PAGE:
Embryoid Body Differentiation of Mouse Embryonic Stem Cells into Neurectoderm and Neural Progenitors
Mouse embryonic stem cells (mESCs) are pluripotent cells capable of differentiating in vitro to form the ~200 types of cells of the developing embryo and adult, including cells of the nervous system. This makes mESCs a useful tool for studying the molecular mechanisms of mammalian embryonic development. Many protocols involving the use of growth factors and small molecules to differentiate mESCs into neural progenitors and neurons currently exist. However, there is a paucity of protocols available that recapitulate the developmental process. Our laboratory has developed a protocol to recapitulate mammalian neural lineage development by differentiating mESCs to mature neurons via intermediate cell populations observed during in vivo embryo development. This protocol uses the amino acid l-proline to direct the differentiation of mESCs, grown as embryoid bodies, into Sox1+ neurectoderm, followed by differentiation to form Nestin+, BLBP+, and NeuN+ neural cell types.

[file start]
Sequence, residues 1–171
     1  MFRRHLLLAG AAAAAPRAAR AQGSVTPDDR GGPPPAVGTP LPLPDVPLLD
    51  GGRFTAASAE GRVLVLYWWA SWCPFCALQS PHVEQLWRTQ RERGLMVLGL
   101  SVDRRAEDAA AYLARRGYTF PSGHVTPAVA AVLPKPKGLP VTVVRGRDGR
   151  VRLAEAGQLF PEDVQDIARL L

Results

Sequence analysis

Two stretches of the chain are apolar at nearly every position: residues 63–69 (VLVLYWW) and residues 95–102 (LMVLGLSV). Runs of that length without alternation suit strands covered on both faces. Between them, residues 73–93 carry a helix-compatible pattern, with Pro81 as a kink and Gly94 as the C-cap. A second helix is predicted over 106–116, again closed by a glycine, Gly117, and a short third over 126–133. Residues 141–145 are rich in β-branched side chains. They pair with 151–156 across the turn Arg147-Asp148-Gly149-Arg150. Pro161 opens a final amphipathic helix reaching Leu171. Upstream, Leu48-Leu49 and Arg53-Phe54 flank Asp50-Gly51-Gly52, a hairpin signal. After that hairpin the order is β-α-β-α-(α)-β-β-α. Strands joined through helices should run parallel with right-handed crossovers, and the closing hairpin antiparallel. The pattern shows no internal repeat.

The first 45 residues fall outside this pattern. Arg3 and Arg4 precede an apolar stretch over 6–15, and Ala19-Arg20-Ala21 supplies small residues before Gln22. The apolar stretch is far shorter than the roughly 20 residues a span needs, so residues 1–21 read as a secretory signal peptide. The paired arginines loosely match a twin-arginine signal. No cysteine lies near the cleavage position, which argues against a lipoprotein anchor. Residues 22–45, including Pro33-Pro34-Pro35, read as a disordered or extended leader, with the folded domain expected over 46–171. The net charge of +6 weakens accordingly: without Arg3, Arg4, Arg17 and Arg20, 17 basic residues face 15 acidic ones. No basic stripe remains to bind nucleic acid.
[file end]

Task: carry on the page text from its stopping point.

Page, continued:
Key wordsDefinitive ectoderm Directed differentiation Early primitive ectoderm-like cells l-Proline Mouse embryonic stem cells Neurectoderm Neural progenitor Neuron
- 1.Nagy A, Gertsenstein M, Vintersten K, Behringer R (2003) In: Nagy A (ed) Manipulating the mouse embryo: a laboratory manual, 3rd edn. Cold Spring Harbor Laboratory Press, New York, 764 pGoogle Scholar
- 13.Tan BSN, Kwek J, Wong CKE, Saner NJ, Yap C, Felquer F et al (2016) Src family kinases and p38 mitogen-activated protein kinases regulate pluripotent cell differentiation in culture. Public Libr Sci One 11(10):e0163244Google Scholar